Renée Cox's work illustrates the aforementioned article. "These are political images," said the artist. Miller's thoughts on the subject and jouissance as thought together came to mind, as the body affected by the signifier, moved, aroused by the unconscious got enacted by the lady in her Hot-Ten-Tot suit.

Alain Badiou's "Highly Speculative Reasoning on the Concept of Democracy," goes right away into the determinant power of the signifier itself. Would you dare not be a democrat, have you even thought of the possibility? Gone are the days that drove your romantic thoughts astray, as you were feeding them with Leon Trotsky to say the least, with Nikolai Bukharin, with Pablo Neruda. Today it is "…authoritarian opinion. Accordingly, it furthers that the human kind longs for democracy, and all subjectivity suspected of not being democratic is deemed pathological."

So Badiou calls on philosophy, as it's meant to check over everything that is automatically thought-out as "normal." The fact that the word functions within the frame of an authoritarian opinion makes democracy distrustful enough. But there are the positive elements to recover. "Democracy, in a way, names the political figures of the conjunction between particular situations and politics. In this case, and in this case only, 'democracy' can be recaptured as a philosophical category. Hereafter democracy will designate what can be termed as the effectiveness in politics. Meaning politics when it conjoins with particular interests. Thus understood politics becomes free from its accountability to the State."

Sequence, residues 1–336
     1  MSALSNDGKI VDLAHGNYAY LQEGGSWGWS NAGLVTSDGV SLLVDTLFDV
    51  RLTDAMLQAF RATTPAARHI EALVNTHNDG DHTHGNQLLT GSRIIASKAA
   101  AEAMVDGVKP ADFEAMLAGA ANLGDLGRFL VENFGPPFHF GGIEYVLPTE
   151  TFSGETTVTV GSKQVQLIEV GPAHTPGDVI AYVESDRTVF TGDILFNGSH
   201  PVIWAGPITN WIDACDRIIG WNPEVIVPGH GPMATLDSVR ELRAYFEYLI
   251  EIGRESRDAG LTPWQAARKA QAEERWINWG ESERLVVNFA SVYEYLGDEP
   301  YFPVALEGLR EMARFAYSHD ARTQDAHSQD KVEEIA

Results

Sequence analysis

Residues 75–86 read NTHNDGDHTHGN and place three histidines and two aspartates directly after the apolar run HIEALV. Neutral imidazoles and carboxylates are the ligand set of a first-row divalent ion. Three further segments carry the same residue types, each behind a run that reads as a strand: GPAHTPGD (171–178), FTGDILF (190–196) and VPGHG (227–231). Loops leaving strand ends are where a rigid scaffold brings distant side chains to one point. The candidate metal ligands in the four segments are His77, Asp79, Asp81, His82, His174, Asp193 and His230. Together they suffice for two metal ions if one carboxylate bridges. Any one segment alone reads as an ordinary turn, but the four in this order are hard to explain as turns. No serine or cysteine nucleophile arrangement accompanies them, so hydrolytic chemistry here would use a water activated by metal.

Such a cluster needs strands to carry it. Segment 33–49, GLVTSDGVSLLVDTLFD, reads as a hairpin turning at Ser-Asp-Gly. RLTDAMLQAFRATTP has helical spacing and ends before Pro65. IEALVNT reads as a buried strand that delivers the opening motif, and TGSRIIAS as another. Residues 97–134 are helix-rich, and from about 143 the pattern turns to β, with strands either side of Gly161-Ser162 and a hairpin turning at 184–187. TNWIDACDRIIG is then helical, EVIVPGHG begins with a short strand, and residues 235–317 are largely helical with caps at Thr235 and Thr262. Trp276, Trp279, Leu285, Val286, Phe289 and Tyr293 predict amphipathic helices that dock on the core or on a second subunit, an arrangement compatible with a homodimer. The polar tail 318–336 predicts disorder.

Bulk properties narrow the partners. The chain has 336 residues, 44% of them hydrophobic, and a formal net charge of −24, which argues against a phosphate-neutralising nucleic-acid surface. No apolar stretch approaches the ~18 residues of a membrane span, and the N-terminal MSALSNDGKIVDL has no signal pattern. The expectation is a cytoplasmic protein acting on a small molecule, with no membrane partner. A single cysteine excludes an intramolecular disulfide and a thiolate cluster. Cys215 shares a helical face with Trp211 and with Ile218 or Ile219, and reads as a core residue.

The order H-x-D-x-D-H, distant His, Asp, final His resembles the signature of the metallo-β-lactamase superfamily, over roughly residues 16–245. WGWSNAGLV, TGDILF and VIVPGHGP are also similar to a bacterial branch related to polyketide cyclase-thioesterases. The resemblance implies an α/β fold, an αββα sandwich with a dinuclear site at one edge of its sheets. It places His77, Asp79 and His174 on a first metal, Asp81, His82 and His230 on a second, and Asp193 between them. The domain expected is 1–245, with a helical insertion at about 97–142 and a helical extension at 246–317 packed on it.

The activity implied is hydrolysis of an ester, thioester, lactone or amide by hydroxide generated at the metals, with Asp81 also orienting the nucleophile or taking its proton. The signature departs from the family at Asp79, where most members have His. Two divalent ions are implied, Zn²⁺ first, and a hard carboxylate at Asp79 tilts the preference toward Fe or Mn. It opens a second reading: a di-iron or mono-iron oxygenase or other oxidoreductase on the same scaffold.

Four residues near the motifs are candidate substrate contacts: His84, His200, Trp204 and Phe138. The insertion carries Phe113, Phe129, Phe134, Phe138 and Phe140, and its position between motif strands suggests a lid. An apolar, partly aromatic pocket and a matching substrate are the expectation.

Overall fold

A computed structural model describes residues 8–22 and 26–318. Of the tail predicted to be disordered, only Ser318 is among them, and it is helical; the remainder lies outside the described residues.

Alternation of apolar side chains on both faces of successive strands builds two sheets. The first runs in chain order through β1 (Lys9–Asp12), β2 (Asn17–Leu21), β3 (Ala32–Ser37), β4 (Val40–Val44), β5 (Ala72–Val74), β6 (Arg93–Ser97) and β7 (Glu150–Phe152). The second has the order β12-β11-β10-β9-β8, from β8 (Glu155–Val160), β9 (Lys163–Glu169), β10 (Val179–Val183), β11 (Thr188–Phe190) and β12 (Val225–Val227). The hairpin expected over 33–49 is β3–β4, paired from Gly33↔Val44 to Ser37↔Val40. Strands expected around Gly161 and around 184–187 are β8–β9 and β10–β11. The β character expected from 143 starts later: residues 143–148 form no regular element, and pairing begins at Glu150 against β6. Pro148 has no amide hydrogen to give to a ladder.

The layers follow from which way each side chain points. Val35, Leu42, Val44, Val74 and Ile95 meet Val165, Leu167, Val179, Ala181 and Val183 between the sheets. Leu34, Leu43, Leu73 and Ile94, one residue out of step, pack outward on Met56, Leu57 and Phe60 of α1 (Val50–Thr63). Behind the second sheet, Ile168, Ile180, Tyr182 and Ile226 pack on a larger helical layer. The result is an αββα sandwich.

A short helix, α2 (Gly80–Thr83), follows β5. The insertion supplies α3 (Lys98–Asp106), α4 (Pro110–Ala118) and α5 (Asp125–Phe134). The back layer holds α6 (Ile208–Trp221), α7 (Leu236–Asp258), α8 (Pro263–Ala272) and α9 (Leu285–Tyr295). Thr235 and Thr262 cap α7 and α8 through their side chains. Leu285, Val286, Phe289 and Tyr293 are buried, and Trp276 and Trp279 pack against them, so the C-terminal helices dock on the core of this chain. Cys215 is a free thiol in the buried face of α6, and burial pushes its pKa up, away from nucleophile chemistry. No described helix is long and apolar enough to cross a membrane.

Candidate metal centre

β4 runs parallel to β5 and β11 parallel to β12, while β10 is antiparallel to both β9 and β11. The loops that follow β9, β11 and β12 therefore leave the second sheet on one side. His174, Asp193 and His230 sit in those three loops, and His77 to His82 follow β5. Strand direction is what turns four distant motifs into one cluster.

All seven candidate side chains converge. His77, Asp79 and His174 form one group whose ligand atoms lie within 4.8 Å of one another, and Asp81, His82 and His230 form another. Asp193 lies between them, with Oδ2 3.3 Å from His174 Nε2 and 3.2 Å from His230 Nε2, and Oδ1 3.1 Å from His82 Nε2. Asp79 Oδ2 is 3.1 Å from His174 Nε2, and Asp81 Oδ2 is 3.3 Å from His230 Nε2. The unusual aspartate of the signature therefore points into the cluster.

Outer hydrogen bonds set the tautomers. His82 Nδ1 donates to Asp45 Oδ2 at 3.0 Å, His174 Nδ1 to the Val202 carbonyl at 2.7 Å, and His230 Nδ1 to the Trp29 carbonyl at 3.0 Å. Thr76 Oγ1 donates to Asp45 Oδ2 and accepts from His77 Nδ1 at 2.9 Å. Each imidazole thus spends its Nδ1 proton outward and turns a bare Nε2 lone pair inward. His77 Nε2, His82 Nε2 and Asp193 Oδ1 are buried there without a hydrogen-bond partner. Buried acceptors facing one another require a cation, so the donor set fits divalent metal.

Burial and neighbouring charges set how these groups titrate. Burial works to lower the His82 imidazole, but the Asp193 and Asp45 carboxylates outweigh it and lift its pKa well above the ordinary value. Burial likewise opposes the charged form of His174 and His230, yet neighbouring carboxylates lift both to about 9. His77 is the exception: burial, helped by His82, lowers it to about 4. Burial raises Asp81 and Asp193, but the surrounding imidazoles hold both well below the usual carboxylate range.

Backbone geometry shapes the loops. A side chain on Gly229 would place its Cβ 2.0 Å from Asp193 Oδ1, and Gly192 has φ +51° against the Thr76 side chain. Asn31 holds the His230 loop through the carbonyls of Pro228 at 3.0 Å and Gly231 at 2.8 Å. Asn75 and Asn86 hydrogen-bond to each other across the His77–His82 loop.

David Ebony's article explores Badiou's recently translated Manifesto for Philosophy and recent works by the Mexican artist Gabriel Orozco. It discusses a preoccupation with the concept of multiplicity, which both writer and artist share. Badiou and Orozco are also united in an effort to free their respective disciplines from a state of paralysis caused by the oppressive relationships that philosophy and art have with their own histories.